Buying and Selling Luxury in Seventeenth-Century England

Rachel Ramsey
Assumption College

John Brewer and Roy Porter, Maxine Berg, Erika Rappaport, and Elizabeth Kowaleski-Wallace, among others, have argued that the eighteenth century marked the beginning of a consumer revolution in England with middle class shoppers embracing new ideas about luxury consumption and establishing radically different definitions of needs versus wants.[1]   Linda Levy Peck’s new book Consuming Splendor: Society and Culture in Seventeenth-Century England (Cambridge, 2005) challenges this critical consensus by arguing that the “practices, sites, and mentalities” of luxury consumption are firmly rooted in the seventeenth century, and that widespread luxury consumption was not a uniquely eighteenth-century phenomenon.   To support her claims, Peck describes the buildings specifically constructed to cater to luxury consumption, examines the types and kinds of luxury goods purchased and manufactured in seventeenth-century England, and outlines the royal policies and necessary consumer networks fostering the desire for luxury.   Her study focuses primarily on London—F. J. Fisher’s “engine of economic growth”—because the nobility and gentry, along with the merchants who catered to them, increasingly took up permanent residence in the fast-growing metropolis and established a pattern of seeking out and consuming splendor that was eventually embraced by a wider society.

Peck begins her walk through seventeenth-century London with the luxury shops housed at its two most famous shopping centers, the Royal Exchange and the New Exchange.   While scholars of the early modern period are familiar with Thomas Gresham’s 1570 monument to London’s traders with its fabled meeting space for merchants and shops stocked with luxury goods, Peck focuses instead on its lesser-known rival.   In 1609, Robert Cecil, the Earl of Salisbury, opens the New Exchange situated in the Strand at the heart of the newly fashionable West End.   Peck examines the design, renting, and stocking of the New Exchange shops and traces their economic fortunes over the century to provide compelling evidence that as early as 1609 desire for luxury goods was strong enough to support an exclusive shopping center catering to luxury consumers.   As Peck points out, the New Exchange, like its predecessor the Royal Exchange, did more than offer goods for sale; it converted shopping into entertainment.   Peck unearths a telling letter from Francis Carter, the Surveyor of the New Exchange, to Robert Cecil in which Carter urges him against plans to narrow the Exchange’s famed walks by adding more shops.   Carter’s letter reveals a sophisticated understanding of retail shopping.   He explains the importance of the Exchange as a place for Londoners to meet and socialize, as a destination as popular as the theatre or Spring Gardens.   Peck emphasizes how Carter’s letter conflates socializing and shopping and connects entertainment value with retail sales.   The Exchange’s wide walks opening onto the Strand—in the heart of the fashionable town—encouraged impromptu visits from those passing the attractive building.   Cecil’s New Exchange offered men and women a place to have their desires stoked and satisfied not only for conversation and entertainment but also for rare and exotic luxury goods attractively displayed in its shops.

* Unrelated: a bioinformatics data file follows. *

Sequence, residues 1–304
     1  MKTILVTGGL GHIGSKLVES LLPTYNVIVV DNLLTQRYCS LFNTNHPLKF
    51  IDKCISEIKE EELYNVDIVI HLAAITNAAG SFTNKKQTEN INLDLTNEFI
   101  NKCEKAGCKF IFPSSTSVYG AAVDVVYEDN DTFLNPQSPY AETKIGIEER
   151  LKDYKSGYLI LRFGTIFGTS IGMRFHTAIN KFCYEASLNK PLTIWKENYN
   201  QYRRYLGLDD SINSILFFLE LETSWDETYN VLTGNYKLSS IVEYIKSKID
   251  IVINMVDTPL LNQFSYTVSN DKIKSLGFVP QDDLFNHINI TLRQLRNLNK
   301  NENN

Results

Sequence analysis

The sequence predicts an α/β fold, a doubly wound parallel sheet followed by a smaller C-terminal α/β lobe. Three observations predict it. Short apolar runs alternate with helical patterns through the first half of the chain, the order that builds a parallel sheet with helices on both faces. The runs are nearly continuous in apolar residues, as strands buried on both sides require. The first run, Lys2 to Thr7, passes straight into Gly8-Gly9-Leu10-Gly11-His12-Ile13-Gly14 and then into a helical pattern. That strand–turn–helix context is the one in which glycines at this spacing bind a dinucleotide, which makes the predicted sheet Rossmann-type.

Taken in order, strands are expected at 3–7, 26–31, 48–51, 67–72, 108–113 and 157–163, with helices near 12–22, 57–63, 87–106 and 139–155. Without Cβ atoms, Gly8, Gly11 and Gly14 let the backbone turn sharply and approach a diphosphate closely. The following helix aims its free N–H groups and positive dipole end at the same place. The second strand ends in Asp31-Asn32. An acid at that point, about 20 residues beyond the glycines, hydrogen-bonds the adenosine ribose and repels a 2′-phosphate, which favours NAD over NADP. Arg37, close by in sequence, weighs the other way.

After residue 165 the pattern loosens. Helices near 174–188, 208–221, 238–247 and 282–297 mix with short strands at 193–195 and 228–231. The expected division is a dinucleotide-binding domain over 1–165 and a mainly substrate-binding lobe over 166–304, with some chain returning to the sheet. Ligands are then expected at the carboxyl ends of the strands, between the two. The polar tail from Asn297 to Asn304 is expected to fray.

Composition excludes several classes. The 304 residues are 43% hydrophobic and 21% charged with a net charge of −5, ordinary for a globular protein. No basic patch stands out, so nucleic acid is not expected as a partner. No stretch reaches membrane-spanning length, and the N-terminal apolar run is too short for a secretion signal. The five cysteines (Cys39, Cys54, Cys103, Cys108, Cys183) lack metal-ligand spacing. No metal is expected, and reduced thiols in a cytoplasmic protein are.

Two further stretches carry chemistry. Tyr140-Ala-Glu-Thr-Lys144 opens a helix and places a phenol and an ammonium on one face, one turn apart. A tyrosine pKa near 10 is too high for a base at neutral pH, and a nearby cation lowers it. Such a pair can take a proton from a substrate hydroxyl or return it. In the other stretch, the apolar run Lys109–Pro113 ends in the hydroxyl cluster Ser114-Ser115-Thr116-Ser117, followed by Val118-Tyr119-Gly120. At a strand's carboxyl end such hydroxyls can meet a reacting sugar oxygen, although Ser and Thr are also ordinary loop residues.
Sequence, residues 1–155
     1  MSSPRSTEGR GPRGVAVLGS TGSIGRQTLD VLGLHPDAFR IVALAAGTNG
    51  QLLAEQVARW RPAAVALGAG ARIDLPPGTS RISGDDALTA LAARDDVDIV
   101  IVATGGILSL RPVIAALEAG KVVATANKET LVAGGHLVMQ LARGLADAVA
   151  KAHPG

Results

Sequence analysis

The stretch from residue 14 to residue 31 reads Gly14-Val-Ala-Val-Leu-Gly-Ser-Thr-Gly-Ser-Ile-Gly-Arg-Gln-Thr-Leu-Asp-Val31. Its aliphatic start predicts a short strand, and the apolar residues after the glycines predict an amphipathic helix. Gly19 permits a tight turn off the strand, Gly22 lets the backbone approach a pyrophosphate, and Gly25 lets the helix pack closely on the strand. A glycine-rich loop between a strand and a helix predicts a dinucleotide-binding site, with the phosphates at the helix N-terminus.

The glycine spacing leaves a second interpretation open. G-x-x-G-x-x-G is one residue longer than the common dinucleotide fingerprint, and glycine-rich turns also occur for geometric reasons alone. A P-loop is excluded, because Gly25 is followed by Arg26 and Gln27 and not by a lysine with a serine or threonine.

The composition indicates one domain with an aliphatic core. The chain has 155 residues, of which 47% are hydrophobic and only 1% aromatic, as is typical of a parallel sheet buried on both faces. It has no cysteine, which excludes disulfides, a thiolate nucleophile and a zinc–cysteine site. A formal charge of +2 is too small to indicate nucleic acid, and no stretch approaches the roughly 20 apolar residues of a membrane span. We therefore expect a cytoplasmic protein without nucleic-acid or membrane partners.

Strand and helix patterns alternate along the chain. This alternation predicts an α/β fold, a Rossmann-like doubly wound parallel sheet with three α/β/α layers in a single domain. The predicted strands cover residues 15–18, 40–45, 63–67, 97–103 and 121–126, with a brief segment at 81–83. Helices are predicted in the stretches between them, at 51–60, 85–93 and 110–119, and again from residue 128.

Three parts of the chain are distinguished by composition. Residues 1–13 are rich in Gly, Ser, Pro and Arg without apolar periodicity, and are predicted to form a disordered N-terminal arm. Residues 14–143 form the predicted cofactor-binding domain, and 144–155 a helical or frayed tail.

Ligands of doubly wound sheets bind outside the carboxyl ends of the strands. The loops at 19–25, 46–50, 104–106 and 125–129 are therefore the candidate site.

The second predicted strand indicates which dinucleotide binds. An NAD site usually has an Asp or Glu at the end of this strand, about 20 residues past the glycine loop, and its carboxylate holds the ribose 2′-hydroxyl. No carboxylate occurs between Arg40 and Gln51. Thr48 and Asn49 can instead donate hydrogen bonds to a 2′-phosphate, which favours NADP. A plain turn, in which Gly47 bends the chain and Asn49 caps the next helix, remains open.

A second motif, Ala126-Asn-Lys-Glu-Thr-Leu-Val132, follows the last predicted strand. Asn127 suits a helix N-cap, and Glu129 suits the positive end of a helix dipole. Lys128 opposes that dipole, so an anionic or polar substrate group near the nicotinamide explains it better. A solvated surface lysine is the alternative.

If the New Exchange offered shoppers a chance to purchase small scale luxury items, the types of buildings erected by the London elite in the immediate vicinity of Cecil’s Exchange illustrated yet another, if more costly type of luxury consumption.   While new construction in London was ostensibly discouraged by James I and strictly regulated by the King’s Commission on New Building, Peck documents the number of new city palaces and urban developments constructed in and around London in the early decades of the seventeenth-century, describing in detail Bedford’s Convent Garden and the elaborate suburban villas such as Syon, Ham House and Albury.   Restoration London’s foremost speculative builder, Nicholas Barbon, declared building the pre-eminent luxury good and advocated it as the best way to advertise one’s social position.   Peck sees the same logic at work earlier in the century, using Lionel Cranfield’s ambitious building projects as a way to illustrate how he used architectural design to set the stage for his political ambitions.